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Jewish World Review Dec. 22, 1999 /13 Teves, 5760

David Limbaugh

David Limbaugh
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Bradley's full-court press -- IF WE GLEAN NOTHING ELSE from the last two Democratic presidential debates, we should recognize that Bill Bradley has Al Gore on the defensive.

Prior to the first debate several weeks ago, Bradley vowed not to get personal and not to engage in negative campaigning. Gore, who has earned his reputation as a ruthless debater, seized on Bradley's announced strategy of appeasement and steamrolled over Dollar Bill in their first outing.

During that encounter, Gore taunted Bradley, publicly challenging him to weekly debates. True to form, Bradley retained his composure and refused to take the bait. Following that night, pundits were nearly unanimous in predicting that Bradley would be finished unless he abandoned his pledge to keep his campaign pristine.

After watching parts of both the second and third debates, I have concluded that Bradley must have made a conscious decision to change course, realizing that he's in a war and will be annihilated unless he takes up arms.

Gore probably never anticipated a serious challenge to his nomination and has been behaving as though Bradley is improperly interfering with his entitlement to the throne. Gore now knows he's in a dogfight, and Bradley is going to make him sweat every inch of the way.

Gore is knowledgeable on the issues and generally a formidable debater. But what he seems to lack is flexibility, the ability to adjust when an opponent doesn't react as most of his previous ones have. Gore has a one-size fits all, bull in a china shop approach to debates. He substitutes volume for inflection and supercharged ranting for emotion.

Ever since Bradley caught Gore in the New Hampshire polls, Gore has been searching for a strategy to stop Bradley's momentum. As such, Gore has exhibited a tinge of nervousness, if not subtle desperation.

Gore's desperation was revealed when he publicly challenged Bradley during the debate to agree to forego all television and radio commercials for the duration of the nomination battle. The unflappable Bradley again refused to bite. But this time, he lashed back, labeling Gore's offer as a "ploy and "a ridiculous proposal, not worthy of discussion."

Bradley quipped, "It sounds like you're having trouble raising money."

Gore may come to regret forcing Bradley off of his usually tranquil game plan. Gore has unwittingly awakened a sleeping giant in Bradley, someone who will not take nonstop abuse sitting down.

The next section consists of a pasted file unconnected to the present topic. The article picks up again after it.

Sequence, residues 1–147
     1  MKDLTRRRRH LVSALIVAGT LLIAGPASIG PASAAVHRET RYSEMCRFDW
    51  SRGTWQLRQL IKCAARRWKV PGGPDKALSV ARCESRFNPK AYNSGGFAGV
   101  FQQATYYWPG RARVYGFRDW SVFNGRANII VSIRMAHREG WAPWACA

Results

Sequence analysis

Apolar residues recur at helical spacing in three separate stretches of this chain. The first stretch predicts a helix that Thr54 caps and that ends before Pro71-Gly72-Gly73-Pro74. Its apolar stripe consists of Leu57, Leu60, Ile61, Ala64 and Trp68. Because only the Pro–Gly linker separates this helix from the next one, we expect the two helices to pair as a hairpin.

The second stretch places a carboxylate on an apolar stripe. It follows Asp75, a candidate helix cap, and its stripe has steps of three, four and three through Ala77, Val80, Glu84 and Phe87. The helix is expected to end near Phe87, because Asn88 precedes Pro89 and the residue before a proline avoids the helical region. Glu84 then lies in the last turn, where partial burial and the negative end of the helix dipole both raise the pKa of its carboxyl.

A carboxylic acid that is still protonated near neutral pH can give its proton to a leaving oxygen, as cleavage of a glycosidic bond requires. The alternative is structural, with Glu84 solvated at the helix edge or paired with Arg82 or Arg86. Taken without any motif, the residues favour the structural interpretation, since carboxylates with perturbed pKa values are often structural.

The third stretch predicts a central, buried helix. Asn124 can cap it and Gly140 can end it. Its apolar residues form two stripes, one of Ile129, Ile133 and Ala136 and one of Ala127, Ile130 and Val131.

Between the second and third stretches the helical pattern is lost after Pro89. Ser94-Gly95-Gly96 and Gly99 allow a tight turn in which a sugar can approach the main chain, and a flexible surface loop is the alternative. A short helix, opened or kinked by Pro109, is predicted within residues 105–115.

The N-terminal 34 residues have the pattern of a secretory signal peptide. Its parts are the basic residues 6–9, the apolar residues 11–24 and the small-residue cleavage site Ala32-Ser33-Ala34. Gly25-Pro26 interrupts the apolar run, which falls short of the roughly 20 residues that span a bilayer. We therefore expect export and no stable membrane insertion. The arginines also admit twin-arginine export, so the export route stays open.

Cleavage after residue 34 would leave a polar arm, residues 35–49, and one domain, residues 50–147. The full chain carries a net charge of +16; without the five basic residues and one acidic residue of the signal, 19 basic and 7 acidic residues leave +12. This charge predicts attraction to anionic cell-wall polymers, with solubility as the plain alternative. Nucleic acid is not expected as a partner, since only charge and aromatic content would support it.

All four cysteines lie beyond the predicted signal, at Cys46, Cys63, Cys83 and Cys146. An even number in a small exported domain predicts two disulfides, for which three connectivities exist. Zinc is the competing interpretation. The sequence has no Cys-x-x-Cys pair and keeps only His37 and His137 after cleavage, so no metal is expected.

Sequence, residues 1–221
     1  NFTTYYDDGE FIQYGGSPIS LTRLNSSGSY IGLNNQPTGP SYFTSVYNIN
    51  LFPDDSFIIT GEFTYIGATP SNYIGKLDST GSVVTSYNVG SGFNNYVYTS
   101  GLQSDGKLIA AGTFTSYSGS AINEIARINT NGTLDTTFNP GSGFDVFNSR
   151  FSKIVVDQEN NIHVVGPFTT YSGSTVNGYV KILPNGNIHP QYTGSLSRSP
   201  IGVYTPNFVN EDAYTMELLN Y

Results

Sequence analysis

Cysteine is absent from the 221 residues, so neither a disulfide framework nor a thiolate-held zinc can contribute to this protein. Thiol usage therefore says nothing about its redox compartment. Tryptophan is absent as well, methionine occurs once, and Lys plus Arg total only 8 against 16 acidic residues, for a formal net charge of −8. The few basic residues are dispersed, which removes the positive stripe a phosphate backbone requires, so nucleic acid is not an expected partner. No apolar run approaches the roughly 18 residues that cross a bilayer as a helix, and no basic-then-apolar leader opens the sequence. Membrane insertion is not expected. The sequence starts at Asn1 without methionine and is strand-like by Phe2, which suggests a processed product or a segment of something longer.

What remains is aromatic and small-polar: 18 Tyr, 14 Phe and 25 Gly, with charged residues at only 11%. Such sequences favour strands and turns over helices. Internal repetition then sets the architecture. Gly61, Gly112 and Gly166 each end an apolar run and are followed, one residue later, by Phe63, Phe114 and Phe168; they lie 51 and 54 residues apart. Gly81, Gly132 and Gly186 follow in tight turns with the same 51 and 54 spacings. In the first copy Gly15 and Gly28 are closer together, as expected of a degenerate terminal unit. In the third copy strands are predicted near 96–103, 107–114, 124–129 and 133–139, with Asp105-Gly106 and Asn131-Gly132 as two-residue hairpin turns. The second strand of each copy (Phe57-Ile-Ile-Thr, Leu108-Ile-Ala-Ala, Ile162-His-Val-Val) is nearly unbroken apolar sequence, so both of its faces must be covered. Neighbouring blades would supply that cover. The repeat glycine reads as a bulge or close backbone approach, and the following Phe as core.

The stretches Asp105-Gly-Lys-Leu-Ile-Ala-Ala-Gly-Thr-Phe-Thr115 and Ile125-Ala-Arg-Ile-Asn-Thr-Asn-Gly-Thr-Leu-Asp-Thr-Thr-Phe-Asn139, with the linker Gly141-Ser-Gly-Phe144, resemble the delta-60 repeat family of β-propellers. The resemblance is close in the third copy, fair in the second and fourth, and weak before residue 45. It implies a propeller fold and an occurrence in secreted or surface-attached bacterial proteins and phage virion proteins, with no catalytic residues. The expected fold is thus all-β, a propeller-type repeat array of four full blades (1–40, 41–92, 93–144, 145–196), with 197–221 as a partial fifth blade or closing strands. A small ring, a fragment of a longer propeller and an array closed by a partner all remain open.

Now that Bradley has Gore on the run, he should consider turning up the heat to a full-court press. After all, Bradley has a particularly vulnerable opponent in Gore, once the fierce facade is removed.

Not surprisingly, his Achille's heel is his symbiotic relationship with Bill Clinton. As this campaign has unfolded, it has become increasingly obvious that Gore has done a miserable job of trying to distance himself from the Clinton scandals while assuming partnership credit for the economic prosperity under Clinton's watch. This forebodes very badly for Gore, as recent polls show that 50 percent of the American people now believe Clinton should have been impeached -- up from 32 percent a year ago.

Gore has declined opportunities to sever his ties to the Clinton scandals. He refused Tim Russert's offer to retract his post-impeachment declaration that history would remember Clinton as one of this nation's greatest presidents. Parroting the tortured logic of Clinton defenders, he characterized Clinton's felonies as private acts that are more than outweighed by his public service. He dismissed Clinton's alleged rape of Juanita Broddrick as a mistake.

He said that any efforts by the Clintons to seek government reimbursement for $5 million in remaining legal fees "would be legal."

What Gore demonstrated is more than just the required loyalty of a vice president to his president. He has brought into serious question his judgment and his qualifications as a moral leader.

Bradley may be a long way from having turned the tide in this campaign, but it will be interesting to see whether he chooses to capitalize on this transparent chink in Gore's armor. It would be a delicious turn of irony if Bradley opts to employ against Gore the Clinton/Gore administration's tactic of demonizing its political opponents. But if Gore continues to shoot himself in both feet, Bradley may not even have to.

JWR contributor David Limbaugh is an attorney practicing in Cape Girardeau, Missouri, and a political analyst and commentator. Send your comments to him by clicking here.


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